1. This site uses cookies. By continuing to use this site, you are agreeing to our use of cookies. Learn More.

Overflow?

Discussion in 'Support' started by vefatica, Jun 13, 2008.

  1. vefatica

    Joined:
    May 20, 2008
    Messages:
    7,888
    Likes Received:
    30
    What causes "overflow", as below, and can I anticipate it?

    g:\projects\4utils\release> echo %@sterling[3249] | wc
    Lines Words Chars
    1 1 10003

    g:\projects\4utils\release> echo %@sterling[3250] | wc
    TCC: Overflow "(2 * acos(-1) * 3250) ** (1 / 2) * (3250 / exp(1)) ** 3250"
    Lines Words Chars
    1 15 60

    Note: Sterling's formula, seen above in the error message, approximates
    N-factorial. The result for N=3250 would have been 3-4 characters longer than
    the result for 3249 (or about 10007 characters). Apparently I have run into
    some limit I'm not aware of.
     
  2. rconn

    rconn Administrator
    Staff Member

    Joined:
    May 14, 2008
    Messages:
    9,809
    Likes Received:
    82
    vefatica wrote:

    An Overflow error will occur if the digits to the left of the decimal
    exceed 10,000 characters.

    Rex Conn
    JP Software
     
  3. logic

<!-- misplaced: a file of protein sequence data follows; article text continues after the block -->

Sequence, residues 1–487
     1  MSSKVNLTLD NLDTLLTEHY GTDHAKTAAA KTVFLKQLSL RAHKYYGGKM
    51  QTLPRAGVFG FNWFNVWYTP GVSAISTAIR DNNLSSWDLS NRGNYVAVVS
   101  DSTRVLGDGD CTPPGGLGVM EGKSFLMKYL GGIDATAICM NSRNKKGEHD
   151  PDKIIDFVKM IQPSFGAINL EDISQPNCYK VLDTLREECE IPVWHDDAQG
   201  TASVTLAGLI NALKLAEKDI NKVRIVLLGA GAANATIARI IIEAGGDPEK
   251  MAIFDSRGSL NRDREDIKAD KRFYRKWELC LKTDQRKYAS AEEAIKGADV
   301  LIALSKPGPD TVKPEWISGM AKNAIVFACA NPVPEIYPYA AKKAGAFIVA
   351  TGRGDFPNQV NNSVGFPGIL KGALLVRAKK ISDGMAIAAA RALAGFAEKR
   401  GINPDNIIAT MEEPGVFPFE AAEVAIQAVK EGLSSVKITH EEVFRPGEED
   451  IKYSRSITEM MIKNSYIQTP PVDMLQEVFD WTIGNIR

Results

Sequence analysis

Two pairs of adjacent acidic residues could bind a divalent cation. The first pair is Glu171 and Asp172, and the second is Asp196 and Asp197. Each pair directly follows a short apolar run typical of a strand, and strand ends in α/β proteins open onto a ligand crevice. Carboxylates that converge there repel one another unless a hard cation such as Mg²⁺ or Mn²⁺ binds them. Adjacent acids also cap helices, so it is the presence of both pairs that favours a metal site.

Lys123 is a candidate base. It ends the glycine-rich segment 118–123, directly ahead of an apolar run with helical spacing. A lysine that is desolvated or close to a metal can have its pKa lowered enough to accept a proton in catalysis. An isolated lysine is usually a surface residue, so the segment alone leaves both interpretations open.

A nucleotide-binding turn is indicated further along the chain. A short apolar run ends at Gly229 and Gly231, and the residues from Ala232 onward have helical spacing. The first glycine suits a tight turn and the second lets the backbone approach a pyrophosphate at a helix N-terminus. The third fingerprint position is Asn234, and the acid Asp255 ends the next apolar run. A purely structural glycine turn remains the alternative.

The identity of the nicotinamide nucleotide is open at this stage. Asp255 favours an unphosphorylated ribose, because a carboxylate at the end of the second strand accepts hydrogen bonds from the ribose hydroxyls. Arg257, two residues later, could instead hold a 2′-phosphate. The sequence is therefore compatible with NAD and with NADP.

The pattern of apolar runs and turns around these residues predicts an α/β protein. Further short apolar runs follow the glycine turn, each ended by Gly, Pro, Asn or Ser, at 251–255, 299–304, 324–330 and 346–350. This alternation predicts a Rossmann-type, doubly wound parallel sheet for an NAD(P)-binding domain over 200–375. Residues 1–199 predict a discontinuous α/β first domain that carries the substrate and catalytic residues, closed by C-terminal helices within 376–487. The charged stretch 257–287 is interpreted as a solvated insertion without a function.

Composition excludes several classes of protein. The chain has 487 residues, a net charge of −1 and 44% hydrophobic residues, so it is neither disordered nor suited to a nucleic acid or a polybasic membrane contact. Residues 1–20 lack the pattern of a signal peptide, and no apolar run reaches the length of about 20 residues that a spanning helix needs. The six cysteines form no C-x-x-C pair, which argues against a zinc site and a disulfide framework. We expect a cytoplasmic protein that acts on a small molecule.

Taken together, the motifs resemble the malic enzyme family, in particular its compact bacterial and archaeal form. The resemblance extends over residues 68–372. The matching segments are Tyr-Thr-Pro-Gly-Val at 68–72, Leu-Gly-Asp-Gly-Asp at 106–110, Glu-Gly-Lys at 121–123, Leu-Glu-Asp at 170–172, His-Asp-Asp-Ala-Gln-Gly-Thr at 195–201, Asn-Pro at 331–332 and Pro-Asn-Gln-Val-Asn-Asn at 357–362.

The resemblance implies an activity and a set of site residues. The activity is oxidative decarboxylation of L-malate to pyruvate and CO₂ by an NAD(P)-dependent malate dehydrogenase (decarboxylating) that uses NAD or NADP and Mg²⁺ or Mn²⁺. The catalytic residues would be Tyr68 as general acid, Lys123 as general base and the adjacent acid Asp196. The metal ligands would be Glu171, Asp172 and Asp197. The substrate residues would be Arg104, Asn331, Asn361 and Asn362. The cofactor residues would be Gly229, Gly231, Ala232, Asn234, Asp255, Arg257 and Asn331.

Joined:
    May 30, 2008
    Messages:
    42
    Likes Received:
    0
    From: rconn
    Sent: Friday, June 13, 2008 1:40 PM
    Subject: RE: [Support-t-192] Overflow?

    Rex,

    Can you work with Wolfram Systems for V10 and integrate Mathematica into the
    TCC code base? The increased startup time would be more than compensated-for
    by the improvement in expression processing. ;-)

    I jest,

    Jonathan Gilbert_
    \\\ / / / \ |_) |_/
    \\\/ \/ \__/ | \ | \
    Software Systems
     
  4. Steve Fabian

    Joined:
    May 20, 2008
    Messages:
    3,523
    Likes Received:
    4
    vefatica wrote:
    | Note: Sterling's formula, seen above in the error message,
    | approximates N-factorial.

    That's "Stirling's formula"...
    --
    Steve
     
  5. vefatica

    Joined:
    May 20, 2008
    Messages:
    7,888
    Likes Received:
    30
    On Fri, 13 Jun 2008 15:42:37 -0500, you wrote:


    It's the one I know:

    n! ~ sqrt(2*pi*n)(n/e)^n

    Maybe he has others. He has a bunch of numbers too.

    Oh!, now I get it. Indeed, it's Stirling's formula.
     
  6. rconn

    rconn Administrator
    Staff Member

    Joined:
    May 14, 2008
    Messages:
    9,809
    Likes Received:
    82
    logic wrote:


    I've had people nagging me for years for > 80 bit precision in @EVAL. I
    thought that 20,000 digit precision (10k to the left & 10k to the right
    of the decimal) ought to be sufficient to satisfy even the fussiest
    user; I should have known better.

    Though exactly *why* anybody needs numbers larger than the number of
    subatomic particles in the universe is still a mystery to me ...

    Rex Conn
    JP Software